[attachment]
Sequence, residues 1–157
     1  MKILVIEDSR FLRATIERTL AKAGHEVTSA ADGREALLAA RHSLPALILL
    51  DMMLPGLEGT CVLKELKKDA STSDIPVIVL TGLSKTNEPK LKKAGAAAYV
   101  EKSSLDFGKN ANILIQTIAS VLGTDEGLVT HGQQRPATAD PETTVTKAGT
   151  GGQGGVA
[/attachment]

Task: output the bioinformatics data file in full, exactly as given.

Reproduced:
Sequence, residues 1–157
     1  MKILVIEDSR FLRATIERTL AKAGHEVTSA ADGREALLAA RHSLPALILL
    51  DMMLPGLEGT CVLKELKKDA STSDIPVIVL TGLSKTNEPK LKKAGAAAYV
   101  EKSSLDFGKN ANILIQTIAS VLGTDEGLVT HGQQRPATAD PETTVTKAGT
   151  GGQGGVA